Transfer of intangibles overseas now under the administration's microscope


President Obama’s tax reform proposal this month has some language hinting at what IP valuators, transfer pricing professionals and corporate tax strategists should be looking for in 2012.  “… there is evidence of income shifting offshore, including through transfers of intangible rights to subsidiaries that bear little or no foreign tax. Under the proposal, if a U.S. parent transfers an intangible to a controlled foreign corporation (CFC) in circumstances that demonstrate excessive income shifting from the United States, then an amount equal to the excessive return would be treated as subpart F income … The definition of intangible property for purposes of the special rules relating to transfers of intangibles by a U.S. person to a foreign corporation and the allocation of income and deductions among taxpayers would be clarified to prevent inappropriate shifting of income outside the United States.”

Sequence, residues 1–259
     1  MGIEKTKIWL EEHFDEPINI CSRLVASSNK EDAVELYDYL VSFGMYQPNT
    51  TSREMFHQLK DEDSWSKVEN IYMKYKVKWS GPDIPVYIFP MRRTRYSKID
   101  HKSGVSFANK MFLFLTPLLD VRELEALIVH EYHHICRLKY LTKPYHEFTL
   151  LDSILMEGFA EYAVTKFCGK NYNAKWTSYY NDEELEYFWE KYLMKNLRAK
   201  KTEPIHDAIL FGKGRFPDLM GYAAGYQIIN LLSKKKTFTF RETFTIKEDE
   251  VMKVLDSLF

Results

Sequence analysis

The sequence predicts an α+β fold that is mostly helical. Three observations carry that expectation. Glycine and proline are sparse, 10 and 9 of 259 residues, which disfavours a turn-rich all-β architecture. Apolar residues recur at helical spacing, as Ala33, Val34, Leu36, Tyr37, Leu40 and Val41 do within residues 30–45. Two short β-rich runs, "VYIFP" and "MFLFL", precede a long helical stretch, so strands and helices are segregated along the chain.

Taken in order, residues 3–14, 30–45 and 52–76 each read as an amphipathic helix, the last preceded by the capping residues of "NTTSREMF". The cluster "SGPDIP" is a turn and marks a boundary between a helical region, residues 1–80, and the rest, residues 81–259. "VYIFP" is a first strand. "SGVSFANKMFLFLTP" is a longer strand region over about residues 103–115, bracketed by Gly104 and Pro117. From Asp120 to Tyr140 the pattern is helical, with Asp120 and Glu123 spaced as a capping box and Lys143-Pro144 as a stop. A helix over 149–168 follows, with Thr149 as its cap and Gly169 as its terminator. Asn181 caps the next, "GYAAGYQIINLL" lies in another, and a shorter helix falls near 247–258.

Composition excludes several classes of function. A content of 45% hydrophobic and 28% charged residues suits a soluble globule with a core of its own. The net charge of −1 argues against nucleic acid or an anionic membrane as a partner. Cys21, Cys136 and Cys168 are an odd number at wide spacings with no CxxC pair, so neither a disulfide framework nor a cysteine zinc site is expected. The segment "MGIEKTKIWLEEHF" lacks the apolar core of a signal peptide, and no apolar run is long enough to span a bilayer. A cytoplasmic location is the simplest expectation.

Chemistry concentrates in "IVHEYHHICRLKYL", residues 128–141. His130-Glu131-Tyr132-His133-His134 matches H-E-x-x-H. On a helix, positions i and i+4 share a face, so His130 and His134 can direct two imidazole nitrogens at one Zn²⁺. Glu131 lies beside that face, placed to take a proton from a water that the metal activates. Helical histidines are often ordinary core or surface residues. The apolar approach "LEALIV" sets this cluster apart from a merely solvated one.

It’s become a political issue, but vague terms such as “excessive” and “inappropriate” indicate this movement is in its seminal stages. Nonetheless, researchers should take care to do their homework. Readers tasked with pricing these types of transfers should know that the full text, IP license agreements in ktMINE are being used by transfer pricing specialists and taxing authorities throughout the world to find relevant comparables, as over 70% of the agreements involve territories outside the U.S. Having access to the full text, having the ability to find and eliminate related-parties agreements, utilizing the analysis center to offer an immediate statistical breakdown of a given search set of agreements, and being able to completely document the research are a few of the reasons why.


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